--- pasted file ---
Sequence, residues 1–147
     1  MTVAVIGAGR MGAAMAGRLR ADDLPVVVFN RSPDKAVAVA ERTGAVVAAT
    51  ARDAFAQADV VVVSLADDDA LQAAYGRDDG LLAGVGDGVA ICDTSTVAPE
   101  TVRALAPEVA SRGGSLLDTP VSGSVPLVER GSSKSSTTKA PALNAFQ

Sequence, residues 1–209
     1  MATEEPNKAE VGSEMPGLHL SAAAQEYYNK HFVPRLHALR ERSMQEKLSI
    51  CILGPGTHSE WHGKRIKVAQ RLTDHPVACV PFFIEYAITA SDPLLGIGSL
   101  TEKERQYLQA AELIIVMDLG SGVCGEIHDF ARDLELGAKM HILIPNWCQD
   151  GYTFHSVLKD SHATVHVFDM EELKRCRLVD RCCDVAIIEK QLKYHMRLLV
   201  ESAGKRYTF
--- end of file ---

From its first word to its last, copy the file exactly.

Sequence, residues 1–147
     1  MTVAVIGAGR MGAAMAGRLR ADDLPVVVFN RSPDKAVAVA ERTGAVVAAT
    51  ARDAFAQADV VVVSLADDDA LQAAYGRDDG LLAGVGDGVA ICDTSTVAPE
   101  TVRALAPEVA SRGGSLLDTP VSGSVPLVER GSSKSSTTKA PALNAFQ

Sequence, residues 1–209
     1  MATEEPNKAE VGSEMPGLHL SAAAQEYYNK HFVPRLHALR ERSMQEKLSI
    51  CILGPGTHSE WHGKRIKVAQ RLTDHPVACV PFFIEYAITA SDPLLGIGSL
   101  TEKERQYLQA AELIIVMDLG SGVCGEIHDF ARDLELGAKM HILIPNWCQD
   151  GYTFHSVLKD SHATVHVFDM EELKRCRLVD RCCDVAIIEK QLKYHMRLLV
   201  ESAGKRYTF